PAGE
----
Loading presentation...

Present Remotely

Send the link below via email or IM


Present to your audience

Start remote presentation

  • Invited audience members will follow you as you navigate and present
  • People invited to a presentation do not need a Prezi account
  • This link expires 10 minutes after you close the presentation
  • A maximum of 30 users can follow your presentation
  • Learn more about this feature in our knowledge base article

Do you really want to delete this prezi?

Neither you, nor the coeditors you shared it with will be able to recover it again.


Inquiry Lesson - Water Cycle

No description

Eric Burrell

on 11 October 2012

Comments (0)

Please log in to add your comment.

Report abuse

Transcript of Inquiry Lesson - Water Cycle

Did you know? The water in your glass may have fallen from the sky as rain just last week, but the water itself has been around pretty much as long as the earth has! When the first fish crawled out of the ocean onto the land, your glass of water was part of that ocean. When the Brontosaurus walked through lakes feeding on plants, your glass of water was part of those lakes. When kings and princesses, knights and squires took a drink from their wells, your glass of water was part of those wells. The earth has a limited amount of water. That water keeps going around and around and around and around and in what we call the "Water Cycle". This cycle is made up of a few main parts:
•collection Evaporation:
Evaporation is when the sun heats up water in rivers or lakes or the ocean and turns it into vapor or steam. The water vapor or steam leaves the river, lake or ocean and goes into the air. Do plants sweat? Well, sort of.... people perspire (sweat) and plants transpire. Transpiration is the process by which plants lose water out of their leaves. Transpiration gives evaporation a bit of a hand in getting the water vapor back up into the air. Condensation:
Water vapor in the air gets cold and changes back into liquid, forming clouds. This is called condensation. You can see the same sort of thing at home... pour a glass of cold water on a hot day and watch what happens. Water forms on the outside of the glass. That water didn't somehow leak through the glass! It actually came from the air. Water vapor in the warm air, turns back into liquid when it touches the cold glass. Precipitation:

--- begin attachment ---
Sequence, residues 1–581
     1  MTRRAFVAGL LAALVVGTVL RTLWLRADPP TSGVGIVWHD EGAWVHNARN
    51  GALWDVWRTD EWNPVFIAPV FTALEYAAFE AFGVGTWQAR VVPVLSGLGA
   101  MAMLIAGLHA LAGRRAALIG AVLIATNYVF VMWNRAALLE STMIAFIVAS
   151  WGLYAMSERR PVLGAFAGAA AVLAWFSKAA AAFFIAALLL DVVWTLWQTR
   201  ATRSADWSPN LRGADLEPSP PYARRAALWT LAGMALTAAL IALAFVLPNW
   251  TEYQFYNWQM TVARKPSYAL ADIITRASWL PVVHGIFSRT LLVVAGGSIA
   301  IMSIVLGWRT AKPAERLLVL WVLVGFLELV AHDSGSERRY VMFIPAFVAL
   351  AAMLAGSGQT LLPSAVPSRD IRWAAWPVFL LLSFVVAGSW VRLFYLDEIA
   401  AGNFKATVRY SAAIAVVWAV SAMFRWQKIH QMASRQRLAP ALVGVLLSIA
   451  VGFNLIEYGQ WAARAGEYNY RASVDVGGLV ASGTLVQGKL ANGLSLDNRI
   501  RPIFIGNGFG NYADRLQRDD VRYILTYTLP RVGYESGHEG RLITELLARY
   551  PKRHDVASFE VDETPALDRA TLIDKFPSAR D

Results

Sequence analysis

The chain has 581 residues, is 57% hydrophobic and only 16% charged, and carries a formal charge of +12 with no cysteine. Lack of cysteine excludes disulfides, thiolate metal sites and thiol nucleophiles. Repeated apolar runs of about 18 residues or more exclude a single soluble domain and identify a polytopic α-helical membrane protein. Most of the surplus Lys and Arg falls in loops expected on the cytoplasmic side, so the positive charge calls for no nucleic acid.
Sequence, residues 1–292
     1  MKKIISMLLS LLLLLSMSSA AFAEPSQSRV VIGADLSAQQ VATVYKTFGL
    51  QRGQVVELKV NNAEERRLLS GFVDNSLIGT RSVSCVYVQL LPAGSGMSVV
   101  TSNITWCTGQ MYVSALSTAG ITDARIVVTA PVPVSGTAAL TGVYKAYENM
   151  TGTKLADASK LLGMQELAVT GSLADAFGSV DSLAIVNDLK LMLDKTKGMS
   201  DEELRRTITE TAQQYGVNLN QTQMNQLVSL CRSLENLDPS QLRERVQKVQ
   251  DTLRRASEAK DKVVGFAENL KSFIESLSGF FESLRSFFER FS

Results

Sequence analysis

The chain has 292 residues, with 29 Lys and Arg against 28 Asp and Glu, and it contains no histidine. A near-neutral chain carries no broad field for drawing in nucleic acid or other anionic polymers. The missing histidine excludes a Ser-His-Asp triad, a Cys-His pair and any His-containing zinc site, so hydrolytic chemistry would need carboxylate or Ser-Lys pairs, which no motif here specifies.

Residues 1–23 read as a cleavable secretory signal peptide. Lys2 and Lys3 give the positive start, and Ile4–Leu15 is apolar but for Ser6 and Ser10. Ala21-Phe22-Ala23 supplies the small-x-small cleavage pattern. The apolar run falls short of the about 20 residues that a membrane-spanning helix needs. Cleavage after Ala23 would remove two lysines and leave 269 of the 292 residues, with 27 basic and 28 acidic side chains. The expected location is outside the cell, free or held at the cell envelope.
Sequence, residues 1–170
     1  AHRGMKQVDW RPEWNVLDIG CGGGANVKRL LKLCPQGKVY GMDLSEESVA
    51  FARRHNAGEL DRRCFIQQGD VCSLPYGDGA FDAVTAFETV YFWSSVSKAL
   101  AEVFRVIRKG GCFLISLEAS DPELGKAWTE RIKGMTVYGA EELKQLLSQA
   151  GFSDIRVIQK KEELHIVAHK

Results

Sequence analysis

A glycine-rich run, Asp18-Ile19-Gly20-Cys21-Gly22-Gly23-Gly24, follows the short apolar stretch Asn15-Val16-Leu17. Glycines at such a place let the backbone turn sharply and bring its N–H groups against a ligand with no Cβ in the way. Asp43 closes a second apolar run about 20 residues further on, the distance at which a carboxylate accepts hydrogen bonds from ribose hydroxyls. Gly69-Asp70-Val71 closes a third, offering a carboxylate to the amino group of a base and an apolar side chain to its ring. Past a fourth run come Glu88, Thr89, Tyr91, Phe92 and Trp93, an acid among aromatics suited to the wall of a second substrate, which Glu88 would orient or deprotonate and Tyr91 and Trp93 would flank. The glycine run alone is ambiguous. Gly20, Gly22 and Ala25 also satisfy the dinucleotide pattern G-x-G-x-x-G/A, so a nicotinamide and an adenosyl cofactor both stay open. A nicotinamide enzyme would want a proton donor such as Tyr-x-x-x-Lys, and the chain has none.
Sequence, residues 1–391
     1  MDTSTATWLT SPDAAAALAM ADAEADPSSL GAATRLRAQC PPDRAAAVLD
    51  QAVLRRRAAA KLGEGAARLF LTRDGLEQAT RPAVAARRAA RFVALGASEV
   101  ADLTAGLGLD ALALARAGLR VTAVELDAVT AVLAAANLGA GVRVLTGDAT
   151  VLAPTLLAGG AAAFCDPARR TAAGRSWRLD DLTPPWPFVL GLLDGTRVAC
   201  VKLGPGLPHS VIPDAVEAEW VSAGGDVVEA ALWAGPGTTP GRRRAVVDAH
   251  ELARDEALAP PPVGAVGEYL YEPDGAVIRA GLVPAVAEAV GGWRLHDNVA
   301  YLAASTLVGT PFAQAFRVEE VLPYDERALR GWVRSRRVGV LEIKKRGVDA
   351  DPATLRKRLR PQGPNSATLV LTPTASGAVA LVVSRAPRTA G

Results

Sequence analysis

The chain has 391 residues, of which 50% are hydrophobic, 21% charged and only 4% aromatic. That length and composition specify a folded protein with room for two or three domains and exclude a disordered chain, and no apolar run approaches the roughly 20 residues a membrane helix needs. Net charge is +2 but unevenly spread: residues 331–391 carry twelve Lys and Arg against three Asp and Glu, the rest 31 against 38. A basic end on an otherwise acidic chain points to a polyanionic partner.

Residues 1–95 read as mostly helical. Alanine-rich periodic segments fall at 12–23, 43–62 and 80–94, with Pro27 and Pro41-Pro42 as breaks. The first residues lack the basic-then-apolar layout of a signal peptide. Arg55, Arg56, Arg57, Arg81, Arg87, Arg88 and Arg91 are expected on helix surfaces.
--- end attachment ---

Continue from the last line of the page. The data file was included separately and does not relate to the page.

Precipitation occurs when so much water has condensed that the air cannot hold it anymore. The clouds get heavy and water falls back to the earth in the form of rain, hail, sleet or snow. Collection:
When water falls back to earth as precipitation, it may fall back in the oceans, lakes or rivers or it may end up on land. When it ends up on land, it will either soak into the earth and become part of the “ground water” that plants and animals use to drink or it may run over the soil and collect in the oceans, lakes or rivers where the cycle starts all over again. That's the "Water Cycle" Things to think about? How do humans affect the "Water Cycle"? Does the water cycle always move in a circle? What can we do to make a difference? How would it make a difference? Your Task:
You will write a 1/2 page “Letter to the Editor” of a local newspaper describing the importance of the
water cycle, and the efforts that we can all make to improve the environment. The earth's water supply stays the same but humans can alter the cycle. As population increases, and living standards rise this can increase the demand for water. Humans impact the water cycle by polluting the water in rivers, streams, reservoirs etc. We are polluting it with harmful chemicals and disgusting substances. Technically we as humans cannot alter the water cycle, however, we can mess it up by dumping waste into the ocean. When we talk about the water cycle moving water vapor in and out of the atmosphere, there are no human activities that can affect that. Water vapor will still evaporate into the atmosphere whether the ground water is dirty or clean. These reasons can create an imbalance and change the quality and quantity of the water.
Full transcript